Focus on engagement

Focus on engagement
Why volume isn't the true measure of telephone town hall success

In today’s hyper-connected world of texting and content on demand, the phone is often overlooked as an engagement tool. While social media and email blasts might steal a considerable amount of the spotlight, the reality is that today’s most successful politicians and campaigns are leveraging the phone in a big way.

Over the last decade, the telephone town hall has evolved into a staple of the political engagement handbook, and for good reason—it offers the sort of insight into an audience that many digital tools cannot match.

Telephone town halls empower thousands of concerned voters and constituents to interact live (over the phone) with their elected officials and leaders. It’s also a powerful tool for engagement if campaigns and organizations leverage it properly.

As with any medium of its kind, there are best practices and crucial metrics that can be applied to optimize success. Just as a website must not be measured solely in terms of the volume of its traffic, a telephone town hall’s success may be impacted by far more than the number of participants.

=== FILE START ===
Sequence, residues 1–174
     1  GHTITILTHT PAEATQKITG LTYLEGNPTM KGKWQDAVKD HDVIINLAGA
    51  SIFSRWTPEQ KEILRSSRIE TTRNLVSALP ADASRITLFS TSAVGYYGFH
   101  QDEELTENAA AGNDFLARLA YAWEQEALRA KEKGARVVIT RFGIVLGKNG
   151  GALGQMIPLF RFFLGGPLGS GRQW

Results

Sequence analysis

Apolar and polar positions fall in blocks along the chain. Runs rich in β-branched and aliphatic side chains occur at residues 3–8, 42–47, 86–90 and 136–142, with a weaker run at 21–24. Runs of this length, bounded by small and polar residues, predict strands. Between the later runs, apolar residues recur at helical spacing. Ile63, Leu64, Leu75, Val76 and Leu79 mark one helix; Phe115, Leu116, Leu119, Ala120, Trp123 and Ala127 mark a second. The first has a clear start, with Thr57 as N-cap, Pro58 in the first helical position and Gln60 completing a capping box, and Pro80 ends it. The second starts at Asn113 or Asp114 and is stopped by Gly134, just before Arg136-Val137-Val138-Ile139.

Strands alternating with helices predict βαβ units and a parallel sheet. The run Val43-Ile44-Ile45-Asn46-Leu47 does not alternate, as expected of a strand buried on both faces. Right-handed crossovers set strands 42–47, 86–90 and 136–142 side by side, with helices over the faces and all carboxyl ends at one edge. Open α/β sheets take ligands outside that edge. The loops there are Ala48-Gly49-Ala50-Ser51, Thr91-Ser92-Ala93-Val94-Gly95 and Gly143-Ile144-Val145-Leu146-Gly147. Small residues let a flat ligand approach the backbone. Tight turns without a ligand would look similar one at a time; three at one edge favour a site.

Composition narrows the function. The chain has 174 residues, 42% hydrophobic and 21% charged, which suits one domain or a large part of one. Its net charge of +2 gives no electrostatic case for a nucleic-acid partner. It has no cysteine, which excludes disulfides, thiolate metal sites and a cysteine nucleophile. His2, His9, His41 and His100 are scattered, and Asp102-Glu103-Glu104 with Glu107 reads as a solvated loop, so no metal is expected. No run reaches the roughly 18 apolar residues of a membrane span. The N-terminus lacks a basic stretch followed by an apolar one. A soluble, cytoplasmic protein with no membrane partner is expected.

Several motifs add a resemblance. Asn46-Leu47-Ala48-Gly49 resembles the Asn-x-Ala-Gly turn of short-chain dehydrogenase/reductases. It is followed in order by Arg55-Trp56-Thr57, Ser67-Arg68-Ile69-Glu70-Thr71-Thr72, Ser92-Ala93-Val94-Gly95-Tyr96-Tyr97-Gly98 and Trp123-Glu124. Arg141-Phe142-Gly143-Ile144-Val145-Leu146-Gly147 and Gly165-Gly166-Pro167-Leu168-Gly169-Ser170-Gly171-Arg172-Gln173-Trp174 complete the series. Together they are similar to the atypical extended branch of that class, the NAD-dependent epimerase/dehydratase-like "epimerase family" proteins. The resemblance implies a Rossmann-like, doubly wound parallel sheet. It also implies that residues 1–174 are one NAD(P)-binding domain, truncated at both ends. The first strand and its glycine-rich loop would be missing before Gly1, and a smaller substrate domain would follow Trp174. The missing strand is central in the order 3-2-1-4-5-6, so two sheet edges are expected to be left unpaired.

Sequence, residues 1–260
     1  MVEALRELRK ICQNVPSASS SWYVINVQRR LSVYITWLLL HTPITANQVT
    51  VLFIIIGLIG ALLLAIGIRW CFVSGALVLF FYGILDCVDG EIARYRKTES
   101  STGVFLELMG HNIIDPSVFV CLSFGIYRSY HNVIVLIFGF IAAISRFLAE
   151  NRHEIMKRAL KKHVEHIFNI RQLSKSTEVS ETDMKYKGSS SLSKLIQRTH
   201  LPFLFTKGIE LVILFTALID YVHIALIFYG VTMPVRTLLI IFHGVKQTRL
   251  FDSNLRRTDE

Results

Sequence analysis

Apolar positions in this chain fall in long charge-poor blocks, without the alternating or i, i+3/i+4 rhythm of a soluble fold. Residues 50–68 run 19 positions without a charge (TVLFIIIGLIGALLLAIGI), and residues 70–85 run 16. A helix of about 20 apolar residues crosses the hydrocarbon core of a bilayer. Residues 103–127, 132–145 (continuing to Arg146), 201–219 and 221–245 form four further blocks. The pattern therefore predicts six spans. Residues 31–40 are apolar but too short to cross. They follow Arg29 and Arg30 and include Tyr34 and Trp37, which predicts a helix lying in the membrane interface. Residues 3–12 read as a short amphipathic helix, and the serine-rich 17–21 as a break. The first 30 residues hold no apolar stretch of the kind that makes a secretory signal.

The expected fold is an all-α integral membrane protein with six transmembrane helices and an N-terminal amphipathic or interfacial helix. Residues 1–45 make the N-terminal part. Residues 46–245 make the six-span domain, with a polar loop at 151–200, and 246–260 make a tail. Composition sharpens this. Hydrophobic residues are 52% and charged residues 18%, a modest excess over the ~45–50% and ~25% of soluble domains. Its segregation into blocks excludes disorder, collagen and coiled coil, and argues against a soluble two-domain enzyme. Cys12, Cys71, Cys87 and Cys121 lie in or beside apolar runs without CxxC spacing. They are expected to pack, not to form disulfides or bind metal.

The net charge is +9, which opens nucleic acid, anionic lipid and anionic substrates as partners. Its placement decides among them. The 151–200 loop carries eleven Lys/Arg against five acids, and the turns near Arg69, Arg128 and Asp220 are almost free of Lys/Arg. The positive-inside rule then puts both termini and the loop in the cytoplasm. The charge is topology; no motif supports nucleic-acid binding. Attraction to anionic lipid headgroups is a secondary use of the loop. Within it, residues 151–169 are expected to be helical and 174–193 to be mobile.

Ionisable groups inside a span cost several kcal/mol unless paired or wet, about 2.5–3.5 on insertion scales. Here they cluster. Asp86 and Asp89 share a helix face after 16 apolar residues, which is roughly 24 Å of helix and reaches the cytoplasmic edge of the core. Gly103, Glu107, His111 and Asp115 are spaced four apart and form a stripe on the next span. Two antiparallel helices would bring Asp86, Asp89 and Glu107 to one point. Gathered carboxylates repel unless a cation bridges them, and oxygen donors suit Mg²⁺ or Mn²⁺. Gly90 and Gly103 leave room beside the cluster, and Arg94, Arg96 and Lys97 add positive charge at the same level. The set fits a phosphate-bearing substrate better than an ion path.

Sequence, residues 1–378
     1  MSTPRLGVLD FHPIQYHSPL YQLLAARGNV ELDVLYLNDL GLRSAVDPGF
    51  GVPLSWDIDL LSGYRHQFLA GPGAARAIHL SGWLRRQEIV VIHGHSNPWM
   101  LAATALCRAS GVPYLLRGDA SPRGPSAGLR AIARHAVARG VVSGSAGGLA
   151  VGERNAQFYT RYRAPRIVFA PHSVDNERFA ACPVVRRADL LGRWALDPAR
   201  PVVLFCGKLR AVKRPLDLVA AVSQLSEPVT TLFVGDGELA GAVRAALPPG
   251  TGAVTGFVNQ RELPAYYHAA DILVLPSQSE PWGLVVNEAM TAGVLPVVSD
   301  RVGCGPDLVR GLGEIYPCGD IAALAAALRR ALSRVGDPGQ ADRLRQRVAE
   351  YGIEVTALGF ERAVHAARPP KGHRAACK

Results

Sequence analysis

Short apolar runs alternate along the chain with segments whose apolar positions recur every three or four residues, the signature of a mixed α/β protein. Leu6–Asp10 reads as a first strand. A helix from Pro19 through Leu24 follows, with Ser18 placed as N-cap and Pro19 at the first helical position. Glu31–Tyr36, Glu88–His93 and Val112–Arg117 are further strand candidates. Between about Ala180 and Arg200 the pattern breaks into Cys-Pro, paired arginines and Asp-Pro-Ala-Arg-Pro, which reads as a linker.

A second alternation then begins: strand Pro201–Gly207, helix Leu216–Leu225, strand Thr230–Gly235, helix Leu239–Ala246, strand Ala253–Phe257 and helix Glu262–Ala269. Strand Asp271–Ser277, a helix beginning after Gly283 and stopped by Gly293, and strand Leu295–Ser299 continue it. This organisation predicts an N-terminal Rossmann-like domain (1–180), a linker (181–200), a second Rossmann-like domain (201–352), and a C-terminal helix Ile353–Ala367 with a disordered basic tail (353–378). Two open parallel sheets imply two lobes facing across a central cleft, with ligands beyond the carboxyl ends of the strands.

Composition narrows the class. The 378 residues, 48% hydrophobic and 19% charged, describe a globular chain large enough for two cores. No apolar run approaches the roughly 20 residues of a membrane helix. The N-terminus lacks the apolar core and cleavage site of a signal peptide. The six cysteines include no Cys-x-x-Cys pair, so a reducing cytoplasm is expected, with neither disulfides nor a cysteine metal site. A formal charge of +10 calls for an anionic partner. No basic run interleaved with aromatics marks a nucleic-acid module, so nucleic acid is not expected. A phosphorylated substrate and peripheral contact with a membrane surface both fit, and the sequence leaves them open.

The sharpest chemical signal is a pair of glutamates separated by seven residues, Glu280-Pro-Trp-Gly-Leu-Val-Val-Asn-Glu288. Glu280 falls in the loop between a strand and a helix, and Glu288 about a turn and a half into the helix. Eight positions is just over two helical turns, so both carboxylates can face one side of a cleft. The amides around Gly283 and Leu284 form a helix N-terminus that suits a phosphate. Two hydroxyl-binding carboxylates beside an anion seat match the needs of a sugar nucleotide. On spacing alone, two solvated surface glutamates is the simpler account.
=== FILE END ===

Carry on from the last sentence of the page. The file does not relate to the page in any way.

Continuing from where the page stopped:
Many campaigns utilize telephone town halls to efficiently make quick impressions on large numbers of constituents in a condensed setting. This is a proven and effective strategy. At the same time there are a growing number of campaigns focused on utilizing telephone town halls in a more targeted fashion with a major focus on participant engagement.

The philosophy that we preach to clients: There’s a place for telephone town hall events focused solely on volume and for events focused more on engagement, but the focus ought to impact the production. As they plan each event campaigns need to ask: Would we rather have 20,000 people on a line together for one minute, or 8,000 engaged constituents actively participating in a lasting, meaningful conversation?